What are my state's grades? Find them at www.emreportcard.org
WASHINGTON, Jan. 16, 2014 /PRNewswire-USNewswire/ -- Pennsylvania ranked sixth in the nation with a C+ in the 2014 American College of Emergency Physicians' (ACEP) state-by-state report card on America's emergency care environment ("Report Card"). The state has made significant improvements in the category of Access to Emergency Care, which contributed to the ranking, despite declines in three out of five other categories since 2009.
"Pennsylvania's high ranking for Access to Emergency Care reflects dedication and hard work on the part of our state's policymakers and medical workforce," said Dr. Charles Barbera, president of the Pennsylvania Chapter of ACEP. "However, our state has seen decreases in the number of emergency departments, staffed inpatient beds and psychiatric care beds. These losses have led to increased crowding in Pennsylvania's emergency departments, which is detrimental to patients."
Pennsylvania, ranked 23rd with a C- in the 2009 Report Card, this year earned a B+ and came in second in the nation for Access to Emergency Care. The state has below-average shortages of health care providers and rates of underinsurance for both adults and children. The state also has a relatively low proportion of adults with an unmet need for substance abuse treatment. On the negative side, Pennsylvania should adopt a statewide psychiatric bed registry to help cope with the decrease in psychiatric care beds.
The state's best grade, an A and 3rd place ranking for Quality and Patient Safety Environment, is attributed to statewide systems and policies in place for heart attack, stroke and trauma patients. It also supports the fourth highest rate of emergency medicine residents in the country.
Pennsylvania earned a C- for Public Health and Injury Prevention because of high infant mortality rates and unintentional poisoning deaths. Above average rates of smoking among adults indicates a need to strengthen the current smoking ban in restaurants and bars.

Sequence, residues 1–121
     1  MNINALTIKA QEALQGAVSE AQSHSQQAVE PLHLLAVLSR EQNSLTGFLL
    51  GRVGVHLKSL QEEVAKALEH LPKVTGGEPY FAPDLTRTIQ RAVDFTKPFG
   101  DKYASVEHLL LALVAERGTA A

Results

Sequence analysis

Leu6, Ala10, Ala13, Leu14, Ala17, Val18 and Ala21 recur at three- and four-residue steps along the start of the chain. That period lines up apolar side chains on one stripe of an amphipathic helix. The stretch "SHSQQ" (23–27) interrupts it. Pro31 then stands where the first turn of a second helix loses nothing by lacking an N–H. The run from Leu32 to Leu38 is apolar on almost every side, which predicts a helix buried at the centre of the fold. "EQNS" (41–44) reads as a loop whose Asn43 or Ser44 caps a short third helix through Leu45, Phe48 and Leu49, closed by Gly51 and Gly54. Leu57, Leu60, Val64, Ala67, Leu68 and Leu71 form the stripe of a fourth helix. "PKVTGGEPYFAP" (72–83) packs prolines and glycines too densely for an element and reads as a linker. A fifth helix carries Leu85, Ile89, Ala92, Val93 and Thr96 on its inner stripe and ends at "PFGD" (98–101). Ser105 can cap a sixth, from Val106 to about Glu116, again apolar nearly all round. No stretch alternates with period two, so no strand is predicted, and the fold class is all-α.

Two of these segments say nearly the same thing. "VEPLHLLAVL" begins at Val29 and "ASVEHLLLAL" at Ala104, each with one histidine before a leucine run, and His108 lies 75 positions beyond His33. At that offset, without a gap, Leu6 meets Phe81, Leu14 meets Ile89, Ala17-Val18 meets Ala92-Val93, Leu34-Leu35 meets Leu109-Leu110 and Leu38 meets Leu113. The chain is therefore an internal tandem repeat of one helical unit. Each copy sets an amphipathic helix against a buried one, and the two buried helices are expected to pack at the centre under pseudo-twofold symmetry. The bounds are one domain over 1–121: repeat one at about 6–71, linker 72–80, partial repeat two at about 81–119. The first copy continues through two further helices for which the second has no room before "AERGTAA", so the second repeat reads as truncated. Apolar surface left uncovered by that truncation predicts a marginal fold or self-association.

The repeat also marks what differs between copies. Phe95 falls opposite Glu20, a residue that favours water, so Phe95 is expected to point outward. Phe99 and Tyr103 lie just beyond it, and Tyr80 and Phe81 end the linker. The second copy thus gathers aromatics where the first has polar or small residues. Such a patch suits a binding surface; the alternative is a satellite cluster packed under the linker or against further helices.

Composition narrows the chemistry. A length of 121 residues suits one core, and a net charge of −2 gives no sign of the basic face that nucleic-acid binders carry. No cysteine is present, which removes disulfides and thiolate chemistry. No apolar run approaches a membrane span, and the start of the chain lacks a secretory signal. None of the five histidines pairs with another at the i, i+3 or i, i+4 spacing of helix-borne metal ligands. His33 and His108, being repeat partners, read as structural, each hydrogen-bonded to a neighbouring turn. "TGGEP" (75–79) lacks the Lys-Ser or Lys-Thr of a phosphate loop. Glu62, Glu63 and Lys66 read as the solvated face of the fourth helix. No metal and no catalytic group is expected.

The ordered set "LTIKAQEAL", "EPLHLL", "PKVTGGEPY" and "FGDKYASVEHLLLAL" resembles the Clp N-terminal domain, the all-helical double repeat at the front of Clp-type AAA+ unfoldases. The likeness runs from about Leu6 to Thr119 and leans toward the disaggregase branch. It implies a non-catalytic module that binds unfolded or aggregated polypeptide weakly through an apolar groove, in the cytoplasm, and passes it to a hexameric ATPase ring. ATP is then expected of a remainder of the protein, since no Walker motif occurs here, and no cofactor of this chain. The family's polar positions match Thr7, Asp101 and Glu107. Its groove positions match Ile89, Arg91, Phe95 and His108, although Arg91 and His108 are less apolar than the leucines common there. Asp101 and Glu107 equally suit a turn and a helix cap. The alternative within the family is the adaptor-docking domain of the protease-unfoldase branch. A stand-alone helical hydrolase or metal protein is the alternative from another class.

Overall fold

Pennsylvania's Disaster Preparedness ranking suffered a significant decline from the 2009 Report Card, dropping from 4th place with an A to 17th place with a C+. The state suffered heavy declines in bed surge capacity, intensive care unit beds, burn unit beds and the proportion of nurses who reported receiving disaster preparedness training since 2009.
Pennsylvania earned an F for Medical Liability Environment, in part because it lacks additional protections for lifesaving care mandated by the Emergency Medical Treatment and Active Labor Act. The state's eventual statutorily mandated phase-out of the liability insurance program, MCARE, could require physicians and hospitals to assume the program's $1.3 billion unfunded liability. Pennsylvania must work to adopt a clear and convincing standard for EMTALA-related care to improve the Medical Liability Environment.
"The problems Pennsylvania has with liability protections for physicians who provide emergency care, as required by law, cast a dark cloud," said Dr. Barbera. "We want Pennsylvania to continue to attract and retain the best and the brightest medical providers, so we must create an liability environment that will do that."
"America's Emergency Care Environment: A State-by-State Report Card – 2014" evaluates conditions under which emergency care is being delivered, not the quality of care provided by hospitals and emergency providers. It has 136 measures in five categories: access to emergency care (30 percent of the grade), quality and patient safety (20 percent), medical liability environment (20 percent), public health and injury prevention (15 percent) and disaster preparedness (15 percent). While America earned an overall mediocre grade of C- on the Report Card issued in 2009, this year the country received a near-failing grade of D+.
ACEP is the national medical specialty society representing emergency medicine. ACEP is committed to advancing emergency care through continuing education, research and public education. Headquartered in Dallas, Texas, ACEP has 53 chapters representing each state, as well as Puerto Rico and the District of Columbia. A Government Services Chapter represents emergency physicians employed by military branches and other government agencies.
SOURCE American College of Emergency Physicians (ACEP)